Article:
A provisional unlawful presence waiver is automatically revoked if the alien, at any time before or after the approval of the provisional unlawful presence waiver, or before the immigrant visa is issued, reenters or attempts to reenter the United States without being admitted or paroled.

If the Provisional Waiver is Denied will DHS begin Removal proceeding?

Consistent with its civil enforcement priorities, DHS does not envision initiating removal proceedings against aliens or referring aliens to ICE whose provisional unlawful presence waiver applications have been approved.

Similarly, consistent with its civil enforcement priorities, DHS also does not envision initiating removal proceedings against aliens whose Form I-601As are denied or withdrawn prior to final adjudication. An individual whose request for a provisional unlawful presence waiver is denied or who withdraws the Form I-601A prior to final adjudication will typically be referred to ICE only if he or she is considered a DHS enforcement priority—that is, if the individual has a criminal history, has committed fraud, or otherwise poses a threat to national security or public safety.

If USCIS denies an alien's Form I-601A, the alien has two alternate avenues for obtaining a waiver of inadmissibility: (1) Filing a new Form I-601A, in accordance with the form instructions, with the required fees and any additional documentation that he or she believes might establish his or her eligibility for the waiver or (2) filing a Form I-601, Application for Waiver of Grounds of Inadmissibility with the USCIS Lockbox, after he or she attends the immigrant visa interview and after DOS conclusively determines that the individual is inadmissible.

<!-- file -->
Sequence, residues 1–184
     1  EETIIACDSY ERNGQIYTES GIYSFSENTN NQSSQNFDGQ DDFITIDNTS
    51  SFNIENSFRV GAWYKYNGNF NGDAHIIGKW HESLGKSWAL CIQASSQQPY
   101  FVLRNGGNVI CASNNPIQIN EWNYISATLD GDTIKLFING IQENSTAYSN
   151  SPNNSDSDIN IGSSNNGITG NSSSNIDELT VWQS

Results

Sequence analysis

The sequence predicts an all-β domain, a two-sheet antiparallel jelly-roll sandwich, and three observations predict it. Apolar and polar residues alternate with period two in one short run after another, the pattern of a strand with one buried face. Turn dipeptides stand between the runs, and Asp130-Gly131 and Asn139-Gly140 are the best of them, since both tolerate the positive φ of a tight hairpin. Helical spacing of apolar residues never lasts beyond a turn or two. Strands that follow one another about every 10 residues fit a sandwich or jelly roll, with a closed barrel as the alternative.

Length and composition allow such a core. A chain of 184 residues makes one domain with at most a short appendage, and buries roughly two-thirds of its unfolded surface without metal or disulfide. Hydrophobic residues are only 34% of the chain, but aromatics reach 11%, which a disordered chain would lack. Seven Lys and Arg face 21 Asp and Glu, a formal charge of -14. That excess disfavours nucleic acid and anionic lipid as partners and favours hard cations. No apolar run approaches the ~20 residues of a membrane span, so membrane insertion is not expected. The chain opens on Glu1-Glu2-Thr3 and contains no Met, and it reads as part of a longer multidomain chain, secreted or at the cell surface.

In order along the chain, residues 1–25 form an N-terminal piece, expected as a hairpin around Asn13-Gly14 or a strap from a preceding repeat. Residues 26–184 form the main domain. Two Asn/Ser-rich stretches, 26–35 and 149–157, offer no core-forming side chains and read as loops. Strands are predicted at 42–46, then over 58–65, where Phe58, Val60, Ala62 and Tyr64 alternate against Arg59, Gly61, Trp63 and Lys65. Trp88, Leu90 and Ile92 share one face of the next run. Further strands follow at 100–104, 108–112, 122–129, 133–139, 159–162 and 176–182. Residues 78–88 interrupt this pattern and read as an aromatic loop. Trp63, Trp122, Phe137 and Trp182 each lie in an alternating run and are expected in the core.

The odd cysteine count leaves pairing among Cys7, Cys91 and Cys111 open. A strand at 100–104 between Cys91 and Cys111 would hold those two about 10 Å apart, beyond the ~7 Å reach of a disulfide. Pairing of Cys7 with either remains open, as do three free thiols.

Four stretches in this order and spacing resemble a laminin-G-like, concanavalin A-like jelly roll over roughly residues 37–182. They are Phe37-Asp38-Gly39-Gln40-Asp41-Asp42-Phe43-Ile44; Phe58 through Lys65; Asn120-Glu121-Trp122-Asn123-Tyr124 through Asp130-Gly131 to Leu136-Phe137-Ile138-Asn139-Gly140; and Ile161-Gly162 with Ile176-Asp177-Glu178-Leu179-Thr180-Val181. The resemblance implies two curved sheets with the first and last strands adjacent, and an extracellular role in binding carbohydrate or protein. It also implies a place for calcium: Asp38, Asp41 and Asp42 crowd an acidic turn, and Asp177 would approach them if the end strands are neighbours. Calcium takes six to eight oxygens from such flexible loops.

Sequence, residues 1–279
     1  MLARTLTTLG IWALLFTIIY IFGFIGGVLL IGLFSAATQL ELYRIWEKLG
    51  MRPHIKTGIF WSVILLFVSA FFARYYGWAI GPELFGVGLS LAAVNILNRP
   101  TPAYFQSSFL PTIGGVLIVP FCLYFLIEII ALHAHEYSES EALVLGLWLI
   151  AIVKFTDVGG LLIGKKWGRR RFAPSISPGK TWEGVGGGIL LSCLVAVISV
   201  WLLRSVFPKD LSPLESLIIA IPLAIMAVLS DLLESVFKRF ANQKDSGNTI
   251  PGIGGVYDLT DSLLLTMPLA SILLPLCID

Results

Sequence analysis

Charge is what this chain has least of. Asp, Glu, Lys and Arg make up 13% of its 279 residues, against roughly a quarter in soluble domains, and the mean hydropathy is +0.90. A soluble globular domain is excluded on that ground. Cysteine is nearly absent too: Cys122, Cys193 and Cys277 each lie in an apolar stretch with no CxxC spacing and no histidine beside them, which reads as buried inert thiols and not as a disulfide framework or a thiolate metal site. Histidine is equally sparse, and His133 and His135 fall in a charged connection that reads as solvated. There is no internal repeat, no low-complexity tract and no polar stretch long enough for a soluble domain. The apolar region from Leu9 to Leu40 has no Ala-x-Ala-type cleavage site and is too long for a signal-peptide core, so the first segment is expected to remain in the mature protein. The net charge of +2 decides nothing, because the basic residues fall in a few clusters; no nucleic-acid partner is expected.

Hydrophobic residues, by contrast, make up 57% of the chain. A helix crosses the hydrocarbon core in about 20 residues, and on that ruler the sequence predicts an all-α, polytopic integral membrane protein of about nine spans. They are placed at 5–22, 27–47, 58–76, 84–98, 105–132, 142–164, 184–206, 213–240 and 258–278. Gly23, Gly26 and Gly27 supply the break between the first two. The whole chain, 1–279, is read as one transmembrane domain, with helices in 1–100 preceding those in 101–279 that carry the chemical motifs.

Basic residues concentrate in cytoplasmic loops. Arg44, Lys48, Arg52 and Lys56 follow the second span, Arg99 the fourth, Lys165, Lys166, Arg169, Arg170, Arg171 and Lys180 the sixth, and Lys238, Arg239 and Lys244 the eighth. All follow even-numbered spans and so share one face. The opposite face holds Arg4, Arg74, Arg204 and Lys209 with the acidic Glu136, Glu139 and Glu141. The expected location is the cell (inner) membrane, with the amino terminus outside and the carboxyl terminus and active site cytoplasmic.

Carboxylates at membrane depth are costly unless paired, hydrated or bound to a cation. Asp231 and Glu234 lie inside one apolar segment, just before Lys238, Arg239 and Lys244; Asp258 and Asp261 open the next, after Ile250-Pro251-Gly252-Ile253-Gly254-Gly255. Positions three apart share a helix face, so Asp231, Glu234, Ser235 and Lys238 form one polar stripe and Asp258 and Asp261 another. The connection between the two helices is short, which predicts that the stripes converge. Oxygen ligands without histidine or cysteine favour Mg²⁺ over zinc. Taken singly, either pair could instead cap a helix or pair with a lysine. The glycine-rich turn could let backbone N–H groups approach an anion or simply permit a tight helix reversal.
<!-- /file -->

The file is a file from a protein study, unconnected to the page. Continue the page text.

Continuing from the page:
Does an Applicant for a Provisional Waiver receive any Benefits While in the U.S.?

The filing or approval of a provisional unlawful presence waiver application will not: (1) Confer any legal status; (2) protect against the accrual of additional unlawful presence; (3) authorize an alien to enter the United States without securing a visa or other appropriate entry document; (4) convey any interim benefits (e.g., employment authorization, advance parole, or eligibility to be paroled based solely on a pending or approved Form I-601A); or (5) protect an alien from being placed in removal proceedings or removed from the United States, in accordance with current DHS policies governing initiation of removal proceedings and use of prosecutorial discretion.

 

The source for this article is the Federal Register at https://www.federalregister.gov/articles/2013/01/03/2012-31268/provisional-unlawful-presence-waivers-of-inadmissibility-for-certain-immediate-relatives